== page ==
If I were to ask many of you who is the second largest Canadian retailer by revenue, most would likely say Sobeys, some might say Metro. Both would be incorrect.
Couche Tard is the right answer. In fact Couche Tard is not only a Quebec banner but the owner of Mac’s in Ontario and the West and Circle K in Atlantic Canada (after purchasing Irving’s c-store chain).
However, it is the US business where they really shine. In 2003, Couche Tard picked up the Circle K chain in the US which turned them into the second largest c-store operator in the world after 7-11.
They continued their US build up by acquiring the c-store operations from major oil & gas companies, such as Exxon Mobil’s “On The Run”, while they were exiting the c-store business to focus on core oil & gas operations.
Couche Tard also has great international reach with over 3,600 Circle K franchise operations in Japan, Hong Kong, China, Indonesia, Vietnam, Guam, Macao and Mexico.
Not only is Couche Tard Canada’s second biggest retailer, it is by far it most international (although that is not a very difficult feat).
Couche Tard’s latest play is a $1.9 billion hostile bid for Casey’s – a midwest chain of 1,500 stores. After lengthy negotiations with the board of Casey’s went nowhere – Couche Tard took the deal to shareholders last week in order to get a deal done.
And with the Canadian dollar at par, Couche Tard is taking a play right out of the book of the millions of snowbirds and cross-border shoppers. Buy cheap US goods.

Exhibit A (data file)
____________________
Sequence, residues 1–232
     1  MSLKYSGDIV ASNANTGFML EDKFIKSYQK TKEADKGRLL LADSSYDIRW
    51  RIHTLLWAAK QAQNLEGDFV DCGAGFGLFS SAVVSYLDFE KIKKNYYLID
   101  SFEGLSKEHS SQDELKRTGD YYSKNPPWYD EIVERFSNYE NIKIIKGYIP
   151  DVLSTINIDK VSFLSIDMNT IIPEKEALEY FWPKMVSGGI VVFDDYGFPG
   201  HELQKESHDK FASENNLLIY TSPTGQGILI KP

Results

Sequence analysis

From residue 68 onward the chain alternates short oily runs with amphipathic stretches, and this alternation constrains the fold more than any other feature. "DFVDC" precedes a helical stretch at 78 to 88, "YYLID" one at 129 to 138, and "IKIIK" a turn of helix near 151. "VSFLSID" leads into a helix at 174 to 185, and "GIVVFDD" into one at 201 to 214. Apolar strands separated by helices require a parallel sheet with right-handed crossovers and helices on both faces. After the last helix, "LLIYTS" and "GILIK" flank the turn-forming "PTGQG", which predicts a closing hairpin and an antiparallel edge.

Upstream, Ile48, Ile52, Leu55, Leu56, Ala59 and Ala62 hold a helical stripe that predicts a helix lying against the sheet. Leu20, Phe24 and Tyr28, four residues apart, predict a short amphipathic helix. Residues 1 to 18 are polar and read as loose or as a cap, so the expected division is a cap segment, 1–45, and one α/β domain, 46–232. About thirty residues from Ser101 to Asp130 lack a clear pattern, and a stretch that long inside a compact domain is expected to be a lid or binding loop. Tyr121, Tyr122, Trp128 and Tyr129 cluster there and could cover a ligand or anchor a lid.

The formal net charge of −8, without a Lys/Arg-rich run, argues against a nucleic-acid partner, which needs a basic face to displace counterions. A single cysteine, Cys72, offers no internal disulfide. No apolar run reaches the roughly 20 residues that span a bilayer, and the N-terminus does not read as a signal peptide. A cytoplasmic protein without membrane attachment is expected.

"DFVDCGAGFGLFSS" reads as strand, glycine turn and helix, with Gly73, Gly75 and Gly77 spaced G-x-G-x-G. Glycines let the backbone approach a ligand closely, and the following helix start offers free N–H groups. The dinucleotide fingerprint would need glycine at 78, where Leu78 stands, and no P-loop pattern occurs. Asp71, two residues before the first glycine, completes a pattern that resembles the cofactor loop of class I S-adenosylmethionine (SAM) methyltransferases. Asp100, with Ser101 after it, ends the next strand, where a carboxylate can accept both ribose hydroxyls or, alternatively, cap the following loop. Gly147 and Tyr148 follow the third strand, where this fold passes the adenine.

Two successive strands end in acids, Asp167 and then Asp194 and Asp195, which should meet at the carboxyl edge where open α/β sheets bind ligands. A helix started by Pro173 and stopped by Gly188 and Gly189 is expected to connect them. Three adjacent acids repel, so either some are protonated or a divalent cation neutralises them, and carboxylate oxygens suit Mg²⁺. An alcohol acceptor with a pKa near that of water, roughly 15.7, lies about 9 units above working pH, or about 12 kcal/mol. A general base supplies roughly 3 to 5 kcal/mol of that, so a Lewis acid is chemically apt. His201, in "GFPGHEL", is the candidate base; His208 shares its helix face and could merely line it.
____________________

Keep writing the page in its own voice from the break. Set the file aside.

What could this mean for CPG suppliers? Well, if you play in core convenience categories such as tobacco, candy, beverages and snack food, one could imagine Couche Tard will want to leverage its new found buying power if the deal gets done. International buying agreements are a good possibility.
What about the Canadian c-store industry? Well, needless to day, Couche Tard will have its hands full digesting 1,500 stores. This could be the time to make some inroads through operational improvements and image enhancements, but also to consider consolidating in order to better compete with Couche Tard on its home turf.
Alliances / buying groups such as ITWAL only have as much power as the ability of their members to execute together as one unit. Suppliers have been frustrated with this lack of executional coordination for years.
The Canadian industry is also under attack from an ever expanding Shoppers Drug Mart (arguably Canada’s second largest c-store chain) and emerging retailers such as Dollarama with their $0.69 candy bars.
Definitely interesting times in the c-store industry. Not a time to be standing still.
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